…State-centred analysis of the TLP should therefore be supplemented by tracing the entity’s origins and continued existence among the complexities of society….One such line of analysis makes the role of inequality and poverty a pertinent one. Visuals and reportage from TLP gatherings, protests, rallies, and riots lend further credence to this perspective, which can be crassly summarised as ‘the lumpen masses enraged’. The slightly longer version of this argument sees the late Khadim Rizvi’s charismatic authority striking a chord with poor people around the country, translating their poverty-induced anxieties into electoral support and seasonally assertive rage….One critique proffers that Pakistan is a poor country and any reasonably large political/social phenomenon would carry significant involvement of poor people. Just by force of demography, that doesn’t mean the movement itself is of poor people. There may be some quantitative truth to this proposition; TLP clearly speaks to a section of the poor, not all of it. At the same time though, an outright dismissal ignores the proportionality of public support that TLP draws from subaltern groups. Exit poll data, while imprecise, suggests that the median TLP voter is poorer than the median voter for other mainstream parties, while a higher share of TLP in urban and peri-urban constituencies points to an inequality and rural-to-urban migration story…

Six years ago, while doing research in a large wholesale marketplace in Lahore, I caught a glimpse of the refractions that make something like the TLP possible. As public spaces, bazaars act as sites where not just goods but also ideas are exchanged and practised, as well as where inequality is produced and replicated. The bulk of a market’s population consists of informally employed, perennially exploited shop workers, helpers, hawkers and vendors. Many are young, recent entrants to the city from rural areas, or what government labour data would coldly classify as ‘unskilled migrants’. They live and work in adverse conditions, with non-existent protections, and the contingent generosity of patrons and employers as their only material insurance.


And it is in this backdrop that religious organisations have carved out significant space for themselves. In recent years, the Barelvi revival has led to the numbers of such affiliate organisations mushroom; these organisations then frequently take on the task of organising public events (bayaans and mehfil-i-milaads, for example) and localised acts of philanthropy. For the urban poor, it’s not just about free food and the occasional handout, as crass theories of patronage would have us believe. These events help propagate ideas and develop cultural understandings of the world in very localised idiom, often by linking material inequities to moral failures and global machinations. In contrast, the political and cultural mainstream has no response or theory for either of these concerns.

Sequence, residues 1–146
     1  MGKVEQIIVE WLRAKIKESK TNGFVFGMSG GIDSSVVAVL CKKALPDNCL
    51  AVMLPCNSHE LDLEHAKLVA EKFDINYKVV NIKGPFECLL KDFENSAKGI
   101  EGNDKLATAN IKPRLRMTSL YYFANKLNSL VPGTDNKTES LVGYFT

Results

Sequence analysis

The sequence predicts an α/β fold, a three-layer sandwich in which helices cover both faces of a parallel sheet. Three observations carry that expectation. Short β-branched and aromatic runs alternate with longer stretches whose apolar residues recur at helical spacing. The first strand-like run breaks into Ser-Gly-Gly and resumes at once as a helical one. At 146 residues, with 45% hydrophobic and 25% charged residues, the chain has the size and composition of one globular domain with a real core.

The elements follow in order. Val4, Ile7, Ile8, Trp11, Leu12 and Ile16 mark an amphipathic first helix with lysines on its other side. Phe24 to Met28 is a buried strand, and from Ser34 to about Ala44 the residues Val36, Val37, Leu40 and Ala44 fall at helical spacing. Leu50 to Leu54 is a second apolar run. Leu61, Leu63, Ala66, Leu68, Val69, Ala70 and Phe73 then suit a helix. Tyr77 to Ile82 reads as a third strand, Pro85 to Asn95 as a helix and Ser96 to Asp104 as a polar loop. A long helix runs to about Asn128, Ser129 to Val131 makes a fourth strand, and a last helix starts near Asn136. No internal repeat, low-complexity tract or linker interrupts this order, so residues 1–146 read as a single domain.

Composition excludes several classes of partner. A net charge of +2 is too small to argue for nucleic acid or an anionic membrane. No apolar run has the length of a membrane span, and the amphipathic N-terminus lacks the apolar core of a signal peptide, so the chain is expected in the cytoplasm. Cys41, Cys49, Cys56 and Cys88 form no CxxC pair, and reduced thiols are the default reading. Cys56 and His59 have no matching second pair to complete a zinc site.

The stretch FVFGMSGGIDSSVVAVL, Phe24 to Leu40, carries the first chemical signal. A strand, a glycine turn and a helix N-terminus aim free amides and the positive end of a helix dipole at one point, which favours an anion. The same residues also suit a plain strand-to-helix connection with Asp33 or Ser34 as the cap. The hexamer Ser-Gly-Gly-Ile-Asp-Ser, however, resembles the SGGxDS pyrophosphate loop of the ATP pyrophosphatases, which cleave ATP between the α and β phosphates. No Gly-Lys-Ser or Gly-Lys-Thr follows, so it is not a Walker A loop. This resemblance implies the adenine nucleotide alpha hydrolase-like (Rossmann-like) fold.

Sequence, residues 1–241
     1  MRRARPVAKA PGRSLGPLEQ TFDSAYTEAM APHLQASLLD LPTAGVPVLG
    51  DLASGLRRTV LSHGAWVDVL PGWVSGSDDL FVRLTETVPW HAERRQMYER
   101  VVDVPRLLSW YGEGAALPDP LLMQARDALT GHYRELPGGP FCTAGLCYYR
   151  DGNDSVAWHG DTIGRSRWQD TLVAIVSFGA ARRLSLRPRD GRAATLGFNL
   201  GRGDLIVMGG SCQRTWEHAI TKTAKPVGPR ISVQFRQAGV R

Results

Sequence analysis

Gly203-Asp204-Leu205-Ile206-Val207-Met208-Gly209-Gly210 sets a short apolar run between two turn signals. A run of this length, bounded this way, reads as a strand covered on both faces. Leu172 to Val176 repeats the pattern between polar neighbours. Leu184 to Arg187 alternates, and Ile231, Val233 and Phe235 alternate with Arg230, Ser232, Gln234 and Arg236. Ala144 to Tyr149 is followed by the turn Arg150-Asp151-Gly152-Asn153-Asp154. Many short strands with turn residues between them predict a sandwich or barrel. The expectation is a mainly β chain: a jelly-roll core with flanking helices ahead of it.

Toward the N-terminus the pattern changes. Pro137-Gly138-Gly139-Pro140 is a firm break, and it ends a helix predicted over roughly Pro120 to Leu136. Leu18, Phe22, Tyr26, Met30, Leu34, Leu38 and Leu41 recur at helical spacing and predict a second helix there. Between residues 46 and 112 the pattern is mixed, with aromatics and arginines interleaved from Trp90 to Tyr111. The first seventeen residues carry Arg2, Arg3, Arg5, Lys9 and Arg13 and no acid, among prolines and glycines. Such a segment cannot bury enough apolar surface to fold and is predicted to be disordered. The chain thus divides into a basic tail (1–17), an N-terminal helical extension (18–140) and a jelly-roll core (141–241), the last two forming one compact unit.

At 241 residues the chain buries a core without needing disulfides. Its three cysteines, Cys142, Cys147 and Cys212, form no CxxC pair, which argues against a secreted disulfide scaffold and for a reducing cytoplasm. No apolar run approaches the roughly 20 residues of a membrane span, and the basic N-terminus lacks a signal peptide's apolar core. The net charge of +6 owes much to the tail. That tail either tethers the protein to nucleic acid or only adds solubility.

But beyond conduits of ideology, these events also act as viable public entertainment and an integral source of social bonding. Assisting local religious figures in organising them — in simple tasks of laying out the daris, helping distribute food, collecting alms from local residents — helps build fraternal ties among the unrooted and gives cultural purpose and a sense of dignity in a deprived landscape with few alternative sources for either. That reservoir of social solidarity then reproduces itself in public form, including through collective acts of violence.


The TLP has not only become an internal security threat but is also hurting Pakistan’s international image and its relations with the world. The state has been tolerating the group for many years overlooking domestic and international concerns. Certainly, the state institutions have their own assessments and calculations.


What Does The State Really Want


The TLP’s street saga this past week revealed the potential strength of the new leadership of the organisation and its cadre. For one, the street power of the group is still intact despite a relative decrease in its verbal ferocity or hate speech after the death of its founder Khadim Hussain Rizvi, whose memory will continue to inspire the TLP support base for a long time. But his demise may have offered the state institutions the opportunity to limit the bargaining power of the group. The assessment may have its pros and cons, but the future of such groups would depend on the state institutions’ approach towards them. If the state continues seeing these groups through a political lens they will continue thriving in one way or another. And as in the past, they will resurface, and be allowed to operate, with different names, and will continue exploiting the religious-ideological and sociocultural sensitivities of the state and society….However, the TLP is merely an expression of the poor and retrogressive political and religious-ideological ‘scholarship’ in the country to which many actors and factors have contributed, ultimately nurturing a unique code of linking power to religion. The code in particular defines the relationship between state institutions and religious forces. The code only promotes a narrow worldview, discourages questioning, and insists on believing in a self-created utopia. But how to deal with a relationship if it becomes ugly or burdensome? Through negotiations or coercive means? Both ways are tricky.


Banning Mr Rizvi


And though the TLP’s methods are splattered with blood — bludgeoning policemen to death, threatening judges, persecuting minorities, and leaving Covid patients to die — some voices still call for its continued freedoms. These mostly belong to the same powdered classes that Rizvi’s men would like nothing better than to beat with sticks. 


In all this finger-pointing, the core problem remains the same: class. Far removed from the buttoned-down Jamaat, Maulana Fazl’s wheeler-dealers, and the Sunni Tehreek’s murdered leadership, TLP has struck a chord with poor people that the religious right hasn’t in years. 

Khadim Hussain Rizvi was an appallingly effective speaker in Punjabi, besides being fluent in Iqbal, Sultan Bahu, and Sufi poetry. His men not only filled the void of a Barelvi mass movement — to the dismay of their Deobandi rivals — they also emerged as the party of the young, the angry, and the very, very poor.




  1. Sir, You missed out “France vs Pakistan’s elite vs the TLP” by Mosharraf Zaidi in The News. It is very interesting.

  2. Very good compilation. Congratulations